When everything is ready, all the ingredients are combined in a large pot and cooked together until the grains absorb the flavors of the spices and vegetables.

Masala Brown Basmati Rice and Red Quinoa is a simple recipe that can be served as a side dish to accompany any meal. I like to serve it at lunch as a healthy vegetarian dish along with a cup of hot soup.

Now that the weather is getting cooler, soups are back on my menu. This week I am featuring my Cranberry Bean Soup. When I mentioned to my husband that I was making Cranberry Bean Soup, he was very confused. He thought I was using fresh cranberries and thought that would make a very odd soup. After I told him that cranberry beans are beans, not fruit, he was very happy to eat this soup for dinner.

Cranberry Bean Soup

Cranberry Bean Soup is an easy to make vegetarian recipe with light Indian spices for a healthy lunch or dinner on a cold day. Also called borlotti beans.

Cranberry beans are one of the most underutilized beans in the U. S. They are very popular in Italian cuisine for their mild, creamy and nutty flavor. There, they are called borlotti beans and are found in many soups, casseroles and salads.

Cranberry beans look like red kidney beans except they are white with dark red spots when dried and turn dark pink when boiled. Cranberry beans are highly nutritious, rich in fiber and packed with protein.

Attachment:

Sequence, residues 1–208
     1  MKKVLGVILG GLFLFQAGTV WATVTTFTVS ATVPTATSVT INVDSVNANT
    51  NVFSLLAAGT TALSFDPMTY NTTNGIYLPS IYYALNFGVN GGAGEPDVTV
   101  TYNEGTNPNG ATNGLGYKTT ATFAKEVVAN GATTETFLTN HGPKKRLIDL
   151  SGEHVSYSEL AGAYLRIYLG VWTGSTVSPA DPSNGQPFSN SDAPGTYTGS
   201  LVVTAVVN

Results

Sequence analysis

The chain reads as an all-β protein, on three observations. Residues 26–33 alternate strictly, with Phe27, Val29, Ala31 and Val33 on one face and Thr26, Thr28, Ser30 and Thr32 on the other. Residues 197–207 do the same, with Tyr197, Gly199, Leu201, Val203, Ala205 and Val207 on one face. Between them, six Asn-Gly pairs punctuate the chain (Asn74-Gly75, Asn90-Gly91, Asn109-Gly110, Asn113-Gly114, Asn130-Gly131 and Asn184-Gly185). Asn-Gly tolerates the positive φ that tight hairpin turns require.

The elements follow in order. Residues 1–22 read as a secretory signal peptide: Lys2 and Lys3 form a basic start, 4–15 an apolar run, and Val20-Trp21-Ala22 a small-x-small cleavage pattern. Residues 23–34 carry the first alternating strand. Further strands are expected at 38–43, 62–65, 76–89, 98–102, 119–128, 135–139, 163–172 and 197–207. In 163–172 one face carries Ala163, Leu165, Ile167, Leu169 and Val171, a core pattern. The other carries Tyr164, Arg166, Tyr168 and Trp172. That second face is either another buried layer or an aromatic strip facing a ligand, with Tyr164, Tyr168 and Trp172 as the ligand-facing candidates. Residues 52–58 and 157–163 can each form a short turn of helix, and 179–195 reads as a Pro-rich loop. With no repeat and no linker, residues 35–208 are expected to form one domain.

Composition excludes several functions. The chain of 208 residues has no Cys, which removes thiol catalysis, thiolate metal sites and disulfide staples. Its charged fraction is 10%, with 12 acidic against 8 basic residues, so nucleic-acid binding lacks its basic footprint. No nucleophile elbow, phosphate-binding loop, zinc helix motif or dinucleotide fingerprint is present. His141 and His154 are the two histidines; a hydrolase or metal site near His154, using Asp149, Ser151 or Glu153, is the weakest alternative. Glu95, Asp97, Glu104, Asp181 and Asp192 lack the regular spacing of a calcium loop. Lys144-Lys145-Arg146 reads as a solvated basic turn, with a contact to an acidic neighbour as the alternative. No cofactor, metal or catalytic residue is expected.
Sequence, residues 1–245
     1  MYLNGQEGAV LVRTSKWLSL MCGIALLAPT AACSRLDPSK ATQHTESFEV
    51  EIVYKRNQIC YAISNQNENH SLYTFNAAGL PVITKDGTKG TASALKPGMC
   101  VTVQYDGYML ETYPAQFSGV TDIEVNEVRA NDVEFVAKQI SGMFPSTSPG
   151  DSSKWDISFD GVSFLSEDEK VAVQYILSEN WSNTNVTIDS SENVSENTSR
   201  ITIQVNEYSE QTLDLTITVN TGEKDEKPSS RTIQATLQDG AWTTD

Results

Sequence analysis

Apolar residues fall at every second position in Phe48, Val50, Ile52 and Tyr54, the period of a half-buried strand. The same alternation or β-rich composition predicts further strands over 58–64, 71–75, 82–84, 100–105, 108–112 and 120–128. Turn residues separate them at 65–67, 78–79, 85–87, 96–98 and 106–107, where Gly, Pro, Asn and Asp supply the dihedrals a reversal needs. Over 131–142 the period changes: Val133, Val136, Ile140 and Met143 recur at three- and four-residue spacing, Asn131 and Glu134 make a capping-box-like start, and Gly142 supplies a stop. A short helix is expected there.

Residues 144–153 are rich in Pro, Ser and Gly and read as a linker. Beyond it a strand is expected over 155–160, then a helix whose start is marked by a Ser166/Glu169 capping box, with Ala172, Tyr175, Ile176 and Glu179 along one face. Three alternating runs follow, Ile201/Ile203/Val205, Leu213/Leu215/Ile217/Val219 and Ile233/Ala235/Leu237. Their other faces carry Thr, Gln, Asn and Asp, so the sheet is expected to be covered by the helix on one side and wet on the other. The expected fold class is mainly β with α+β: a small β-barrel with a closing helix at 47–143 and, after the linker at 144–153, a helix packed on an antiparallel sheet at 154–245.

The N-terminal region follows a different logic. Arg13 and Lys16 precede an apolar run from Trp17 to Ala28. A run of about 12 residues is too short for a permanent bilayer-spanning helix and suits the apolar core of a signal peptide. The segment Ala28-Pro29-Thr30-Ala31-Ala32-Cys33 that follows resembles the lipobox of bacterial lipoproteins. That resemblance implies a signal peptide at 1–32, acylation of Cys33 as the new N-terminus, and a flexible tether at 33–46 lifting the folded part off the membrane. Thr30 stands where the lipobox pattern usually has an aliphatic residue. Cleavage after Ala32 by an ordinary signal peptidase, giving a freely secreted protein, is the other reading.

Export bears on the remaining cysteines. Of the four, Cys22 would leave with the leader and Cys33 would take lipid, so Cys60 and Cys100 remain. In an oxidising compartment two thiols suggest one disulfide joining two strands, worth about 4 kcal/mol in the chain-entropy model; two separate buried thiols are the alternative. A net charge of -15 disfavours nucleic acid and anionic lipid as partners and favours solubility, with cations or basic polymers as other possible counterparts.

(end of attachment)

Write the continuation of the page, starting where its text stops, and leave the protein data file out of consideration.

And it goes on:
Cranberry beans should be soaked to reduce the cooking time. I simply put them in a bowl of water and let them soak overnight.

To make this vegetarian soup, the onions are cooked in oil that is seasoned with a bay leaf. Garlic, tomato, fresh green chile and dried spices are added next to build the flavor base. The beans and broth are added next and simmer until the beans are tender. This takes about an hour or more.

The next step is to purée the soup so it is creamy. The soup can be purée in a blender or using a handheld immersion blender. A traditional blender yields a creamier texture but the immersion blender is less work and requires less clean up.  Before blending the soup, I remove some of the beans to add back later for variety in texture. This is an optional step. Just before serving, I add some freshly chopped cilantro.

Cranberry Bean Soup makes a fantastic main dish for lunch or dinner on a cold day along with a few pappads or a hot, fresh paratha. It is also a great starter for any meal.

For another recipe that features cranberry beans, check out Cranberry Bean Masala.

When I was planning the recipe for Masala Chicken with Mushroom Sauce, I knew I wanted a simple sautéed chicken breast with a brown butter sauce. Brown butter sauce is one of the easiest to make. It is always successful without any problems. When I started to make the sauce for this recipe, I realized that I had a lovely selection of fresh mushrooms that I knew would add the substance the sauce needed to stand up to an Indian masala, or spice mix, that I had created for the chicken. I used two of my favorite mushrooms, cremini and shitakes, for their different textures and shapes. I sliced them and added them to the skillet with a bit of chopped shallots, garlic and butter. To this I added a dry white wine which I allowed toand intensify in flavor followed by more butter. Ahh, what a glorious combination. My brown butter sauce became a buttery mushroom sauce.